Breakthrough in battle with Aids, but questions remain over high cost of drugs in the developing world - Today's news, tomorrow's lesson - 4 March 2013
Breakthrough in battle with Aids, but questions remain over high cost of drugs in the developing world
Today's news, tomorrow's lesson - 4 March 2013
Medical breakthroughs and miracle cures are announced with such regularity in the news that it’s easy to become cynical. In the last month alone the press has hailed “groundbreaking” new treatments for conditions as diverse as blindness, arthritis and paralysis, and promoted cures for everything from migraines to overeating.
But today’s announcement that an American child has been “cured” of HIV, the virus that leads to Aids, has made the global medical community sit up and take note. A baby girl born with the condition, transmitted by her mother during pregnancy, appears to have been cured after a programme of extra-strong medication.
The child, from Mississippi in the US, was given a triple dose of HIV drugs when she was just 30 hours old. The fast action appears to have stopped the virus taking root in the baby’s cells.
"I just felt like this baby was at higher-than-normal risk and deserved our best shot," said Dr Hannah Gay, a paediatric HIV specialist at the University of Mississippi.
In the UK, the NHS has made it clear that this development does not represent a full-blown cure for the virus and that reports that it is are “overblown”.
However, the breakthrough does pave the way for other children to be similarly treated and offers hope for global efforts to eliminate HIV in children, especially in Aids-plagued African countries. More than two-thirds of all people living with HIV, 23.5 million, live in sub-Saharan Africa, including 91 per cent of the world’s HIV-positive children. Around 300,000 children were born with HIV in 2011, mostly in Africa where only around 60 per cent of infected pregnant women gain treatment that can keep them from passing the virus to their babies.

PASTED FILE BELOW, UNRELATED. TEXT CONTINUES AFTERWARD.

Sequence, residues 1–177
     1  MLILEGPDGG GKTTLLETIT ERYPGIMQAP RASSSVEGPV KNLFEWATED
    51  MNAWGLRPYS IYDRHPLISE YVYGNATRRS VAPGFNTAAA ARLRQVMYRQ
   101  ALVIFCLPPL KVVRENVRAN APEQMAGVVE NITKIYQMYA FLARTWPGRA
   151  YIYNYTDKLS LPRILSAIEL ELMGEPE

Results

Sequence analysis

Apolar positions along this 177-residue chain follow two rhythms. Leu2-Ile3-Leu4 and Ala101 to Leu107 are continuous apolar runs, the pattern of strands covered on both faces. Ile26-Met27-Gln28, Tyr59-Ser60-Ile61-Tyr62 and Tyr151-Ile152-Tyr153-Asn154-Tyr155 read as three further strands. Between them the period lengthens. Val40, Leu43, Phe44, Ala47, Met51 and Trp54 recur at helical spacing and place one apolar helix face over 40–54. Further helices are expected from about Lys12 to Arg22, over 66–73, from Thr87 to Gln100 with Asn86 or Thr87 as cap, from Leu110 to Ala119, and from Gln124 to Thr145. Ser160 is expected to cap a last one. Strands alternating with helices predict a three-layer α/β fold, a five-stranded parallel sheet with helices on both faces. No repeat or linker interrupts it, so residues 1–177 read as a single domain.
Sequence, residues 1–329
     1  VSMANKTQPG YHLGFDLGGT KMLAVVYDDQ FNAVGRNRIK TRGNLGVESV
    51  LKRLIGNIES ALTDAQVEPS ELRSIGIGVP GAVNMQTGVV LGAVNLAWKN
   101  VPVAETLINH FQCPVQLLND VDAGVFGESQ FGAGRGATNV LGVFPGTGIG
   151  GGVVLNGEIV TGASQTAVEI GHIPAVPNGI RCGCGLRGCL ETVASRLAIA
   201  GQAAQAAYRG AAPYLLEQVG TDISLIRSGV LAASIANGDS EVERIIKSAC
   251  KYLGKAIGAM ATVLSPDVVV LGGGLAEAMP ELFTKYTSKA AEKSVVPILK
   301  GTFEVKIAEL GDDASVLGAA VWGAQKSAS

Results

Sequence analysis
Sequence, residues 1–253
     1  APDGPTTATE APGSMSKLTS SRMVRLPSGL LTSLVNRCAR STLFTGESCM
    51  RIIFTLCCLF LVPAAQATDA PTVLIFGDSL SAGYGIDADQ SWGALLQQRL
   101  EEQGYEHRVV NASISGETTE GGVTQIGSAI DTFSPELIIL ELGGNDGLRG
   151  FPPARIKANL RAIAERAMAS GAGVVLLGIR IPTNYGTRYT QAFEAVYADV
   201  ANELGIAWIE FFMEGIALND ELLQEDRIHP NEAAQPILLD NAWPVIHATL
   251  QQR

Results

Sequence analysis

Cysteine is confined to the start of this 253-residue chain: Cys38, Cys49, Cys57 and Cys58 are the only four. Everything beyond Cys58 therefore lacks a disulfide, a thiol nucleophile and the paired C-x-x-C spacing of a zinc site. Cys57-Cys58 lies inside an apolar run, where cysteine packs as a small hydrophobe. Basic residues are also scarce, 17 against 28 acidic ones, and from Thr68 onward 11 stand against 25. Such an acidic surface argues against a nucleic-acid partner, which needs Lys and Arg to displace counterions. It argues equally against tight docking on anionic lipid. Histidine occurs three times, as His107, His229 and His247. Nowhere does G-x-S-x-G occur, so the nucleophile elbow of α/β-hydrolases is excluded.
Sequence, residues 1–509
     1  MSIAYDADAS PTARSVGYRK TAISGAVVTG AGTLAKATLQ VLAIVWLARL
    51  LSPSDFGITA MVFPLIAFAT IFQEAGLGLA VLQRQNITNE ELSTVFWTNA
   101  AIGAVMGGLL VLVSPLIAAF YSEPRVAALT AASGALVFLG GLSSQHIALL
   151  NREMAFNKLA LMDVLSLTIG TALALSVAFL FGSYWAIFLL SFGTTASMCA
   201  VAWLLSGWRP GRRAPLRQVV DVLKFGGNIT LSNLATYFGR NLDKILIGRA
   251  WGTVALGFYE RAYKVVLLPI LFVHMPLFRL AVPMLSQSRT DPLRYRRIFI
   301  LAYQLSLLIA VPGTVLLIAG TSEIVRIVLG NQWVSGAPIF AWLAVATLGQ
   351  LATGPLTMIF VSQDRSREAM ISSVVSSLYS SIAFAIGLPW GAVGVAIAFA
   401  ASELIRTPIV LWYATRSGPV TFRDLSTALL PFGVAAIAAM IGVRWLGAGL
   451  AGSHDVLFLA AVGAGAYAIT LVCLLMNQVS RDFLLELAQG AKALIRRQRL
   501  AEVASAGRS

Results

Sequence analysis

But there is no guarantee that the development will have any real consequences for the developing world. The cost of such HIV treatments have long been controversially high, making them unaffordable for many of the world’s poorest. And privately owned pharmaceutical companies – that make much of the progress in developing these drugs – say they wouldn’t be able to afford their research programmes without putting high price-tags on the medicines.
Countries such as South Africa have battled these arguments in court, but the number of people dying from the disease is still high.
In the US and other developed countries such births as the one in Mississippi are very rare because testing and treatment have been part of prenatal care for many years. And experts stressed that people should not get carried away by the breakthrough. "We can't promise to cure babies who are infected. We can promise to prevent the vast majority of transmissions if the moms are tested during every pregnancy," said Dr Gay.
Meanwhile, the little girl in Mississippi is now two and a half and has been off medication for about a year with no sign of infection. “You could call this about as close to a cure, if not a cure, that we’ve seen,” said Dr Anthony Fauci of the National Institutes of Health.
The only other person considered cured of the Aids virus was a man from San Francisco who underwent a very different treatment. Timothy Ray Brown had a bone marrow transplant from a donor who was naturally resistant to HIV. He has not needed HIV medication in the five years since.
Although there is no guarantee that the two-year-old girl will stay healthy, only traces of the virus’s genetic material have been found in her body and a team is now planning a study with more aggressive treatment of other high-risk babies.
Frequently asked questions about HIV and Aids
Q: What is HIV?